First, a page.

On November 26, two unknown assailants shot and killed a Muslim cleric who was also a Uganda People’s Defense Force (UPDF) officer and his UPDF bodyguard in Kampala, after trailing his truck on a motorcycle. A week before the killing, the cleric, Major Muhammad Kiggundu, said on a local FM station that clerics from a rival faction of his Tabliq group had accused him of falsely implicating them in previous killings of Muslim clerics, and sent him death threats. The police arrested and charged four clerics from a rival Muslim faction for his killing. According to observers, the conflict between the factions was largely politically and financially motivated, and the motivations included a public dispute over management rights to a lucrative commercial property in Kampala owned by the Tabliq group. As of year’s end, the case was ongoing.

Between 2012 and 2015 gunmen killed at least nine Muslim leaders, with most of the shootings at close range. The government stated the ADF ordered the killings, but most Muslim leaders asserted the killings were related to a leadership struggle within the Tabliq group, which follows tenets of Salafist Islam. The trial of 14 suspects for the killing of two of the clerics, and the attempted killing of four other clerics, resumed on October 17 and was ongoing at year’s end.

On June 18, media reported Uganda Christian University, a school that has Anglican and non-Anglican students, banned all non-Anglican forms of worship on its campus, stating it had to protect its Anglican values from external influence. A coalition of students from other universities petitioned the speaker of parliament to overturn the ban but received no response by year’s end.

Muslim staff at Lubiri Secondary School, a secular public high school in Kampala, reported the institution’s Christian head teacher discriminated against Muslim students and staff by prohibiting female students from wearing the hijab and recommending the transfer of Muslim teachers away from the school to other public schools.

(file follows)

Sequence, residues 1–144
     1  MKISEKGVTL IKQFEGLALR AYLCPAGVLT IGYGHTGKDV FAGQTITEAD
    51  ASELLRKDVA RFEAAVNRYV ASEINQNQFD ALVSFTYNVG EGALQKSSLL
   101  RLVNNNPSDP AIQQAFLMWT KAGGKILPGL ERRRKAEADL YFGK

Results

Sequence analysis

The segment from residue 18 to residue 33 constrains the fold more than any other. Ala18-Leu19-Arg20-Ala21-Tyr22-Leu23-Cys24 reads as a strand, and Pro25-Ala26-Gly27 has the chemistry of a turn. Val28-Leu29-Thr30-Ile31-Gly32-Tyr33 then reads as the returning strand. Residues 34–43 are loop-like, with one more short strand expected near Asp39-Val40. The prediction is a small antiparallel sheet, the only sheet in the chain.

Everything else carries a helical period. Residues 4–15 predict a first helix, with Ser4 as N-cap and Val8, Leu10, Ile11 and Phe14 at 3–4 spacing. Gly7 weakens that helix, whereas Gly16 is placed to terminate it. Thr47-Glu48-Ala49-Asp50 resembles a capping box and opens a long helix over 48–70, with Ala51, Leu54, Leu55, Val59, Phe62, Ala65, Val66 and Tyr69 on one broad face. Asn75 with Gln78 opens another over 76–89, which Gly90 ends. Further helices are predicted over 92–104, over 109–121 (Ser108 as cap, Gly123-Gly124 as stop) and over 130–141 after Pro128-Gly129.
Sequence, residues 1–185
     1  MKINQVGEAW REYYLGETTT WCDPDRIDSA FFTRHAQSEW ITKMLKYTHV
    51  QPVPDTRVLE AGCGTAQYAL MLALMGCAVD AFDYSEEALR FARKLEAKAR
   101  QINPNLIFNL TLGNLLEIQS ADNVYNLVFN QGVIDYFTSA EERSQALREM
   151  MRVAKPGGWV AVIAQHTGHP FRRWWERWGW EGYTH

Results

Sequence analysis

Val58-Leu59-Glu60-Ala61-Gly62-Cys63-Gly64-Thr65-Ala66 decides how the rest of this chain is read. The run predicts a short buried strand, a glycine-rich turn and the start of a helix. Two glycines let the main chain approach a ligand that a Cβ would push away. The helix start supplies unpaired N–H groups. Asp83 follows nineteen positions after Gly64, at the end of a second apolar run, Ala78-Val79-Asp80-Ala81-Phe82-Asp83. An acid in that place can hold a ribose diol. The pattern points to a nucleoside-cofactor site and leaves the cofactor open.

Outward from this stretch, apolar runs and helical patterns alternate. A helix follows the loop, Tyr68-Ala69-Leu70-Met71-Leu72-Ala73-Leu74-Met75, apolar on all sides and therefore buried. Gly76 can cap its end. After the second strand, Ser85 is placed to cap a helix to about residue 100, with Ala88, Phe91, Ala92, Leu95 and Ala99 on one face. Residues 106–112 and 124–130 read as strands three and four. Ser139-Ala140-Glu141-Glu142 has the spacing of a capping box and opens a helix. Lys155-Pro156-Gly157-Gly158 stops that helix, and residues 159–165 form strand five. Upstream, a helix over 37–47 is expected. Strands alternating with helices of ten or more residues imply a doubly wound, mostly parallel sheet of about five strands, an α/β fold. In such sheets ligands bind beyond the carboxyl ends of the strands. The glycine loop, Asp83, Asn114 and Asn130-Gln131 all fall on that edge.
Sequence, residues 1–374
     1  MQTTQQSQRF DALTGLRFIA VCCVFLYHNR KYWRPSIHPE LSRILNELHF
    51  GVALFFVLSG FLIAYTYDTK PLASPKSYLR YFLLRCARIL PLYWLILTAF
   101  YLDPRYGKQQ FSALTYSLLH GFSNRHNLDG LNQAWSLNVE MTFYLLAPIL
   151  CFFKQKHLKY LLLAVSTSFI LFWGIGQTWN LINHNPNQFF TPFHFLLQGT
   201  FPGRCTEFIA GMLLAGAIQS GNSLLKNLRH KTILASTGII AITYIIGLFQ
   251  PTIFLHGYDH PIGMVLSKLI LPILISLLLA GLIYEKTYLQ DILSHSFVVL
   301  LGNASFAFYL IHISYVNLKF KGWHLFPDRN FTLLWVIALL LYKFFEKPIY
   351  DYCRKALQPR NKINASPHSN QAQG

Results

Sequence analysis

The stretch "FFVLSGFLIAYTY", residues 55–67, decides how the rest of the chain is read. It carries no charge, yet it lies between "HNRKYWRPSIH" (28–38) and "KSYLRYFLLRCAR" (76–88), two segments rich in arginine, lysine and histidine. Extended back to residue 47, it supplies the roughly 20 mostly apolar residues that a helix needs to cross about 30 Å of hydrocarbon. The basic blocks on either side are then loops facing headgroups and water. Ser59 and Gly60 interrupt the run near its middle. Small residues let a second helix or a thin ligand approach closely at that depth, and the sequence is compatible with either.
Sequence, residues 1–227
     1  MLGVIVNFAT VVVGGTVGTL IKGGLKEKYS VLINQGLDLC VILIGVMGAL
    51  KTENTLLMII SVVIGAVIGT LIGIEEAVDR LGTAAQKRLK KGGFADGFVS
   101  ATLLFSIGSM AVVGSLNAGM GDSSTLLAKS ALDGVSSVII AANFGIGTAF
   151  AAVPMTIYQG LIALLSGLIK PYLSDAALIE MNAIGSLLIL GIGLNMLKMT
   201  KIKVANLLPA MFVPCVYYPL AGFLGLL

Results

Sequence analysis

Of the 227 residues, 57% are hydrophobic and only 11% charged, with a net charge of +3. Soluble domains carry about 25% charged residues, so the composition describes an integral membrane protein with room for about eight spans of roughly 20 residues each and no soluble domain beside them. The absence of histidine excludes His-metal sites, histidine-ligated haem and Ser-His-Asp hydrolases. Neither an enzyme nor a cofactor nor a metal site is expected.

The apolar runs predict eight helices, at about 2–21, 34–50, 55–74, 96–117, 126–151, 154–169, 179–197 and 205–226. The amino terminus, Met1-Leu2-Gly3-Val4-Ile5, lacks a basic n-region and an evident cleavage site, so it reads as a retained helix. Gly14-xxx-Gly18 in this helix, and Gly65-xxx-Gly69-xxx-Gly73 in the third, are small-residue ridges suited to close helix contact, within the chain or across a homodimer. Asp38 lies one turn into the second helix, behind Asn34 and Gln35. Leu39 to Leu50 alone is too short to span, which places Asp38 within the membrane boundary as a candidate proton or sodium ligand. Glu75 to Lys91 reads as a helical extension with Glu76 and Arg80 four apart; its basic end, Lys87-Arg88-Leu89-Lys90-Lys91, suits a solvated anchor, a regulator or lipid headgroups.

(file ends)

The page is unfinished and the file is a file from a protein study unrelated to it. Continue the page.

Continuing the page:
The Equal Opportunities Commission did not report by year’s end whether it had investigated a group of Muslim women’s 2015 allegations that private companies denied them employment because they refused to remove their hijabs, which the companies said violated their dress code. According to the Muslim Center for Justice and Law, in 2015 approximately10 Muslim women said private companies did not hire them because they refused to remove their hijabs, which the companies stated violated their dress codes.

Section IV. U.S. Government Policy and Engagement

In June and July the Ambassador broadcast Ramadan and Eid al-Fitr messages on radio and television channels to promote religious tolerance and respect for differences. The Ambassador also hosted an iftar attended by academics and religious and community leaders to promote mutual religious understanding and to help strengthen the embassy’s relationships with the Muslim community. In July and August the embassy hosted digital video conferences between representatives of U.S. civil society and local Muslim leaders to promote religious tolerance. The embassy promoted the events on the embassy’s social media platforms.

In August the embassy sponsored eight individuals on an exchange program to examine the role of faith-based organizations in the United States. The program brought together civil society and religious leaders to learn about the interplay between religion and politics in the United States and to understand better how faith-based organizations and religious leaders work to protect the rights of citizens whose beliefs and lifestyles may be different from their own. The project also explored the connection between religious conviction, charity, and community service.

2016 Report on International Religious Freedom: Uganda
Build a Custom Report

01 / Select A Year

02 / Select Sections

03 / Select Countries You can add more than one country or area.

U.S. Department of State

The Lessons of 1989: Freedom and Our Future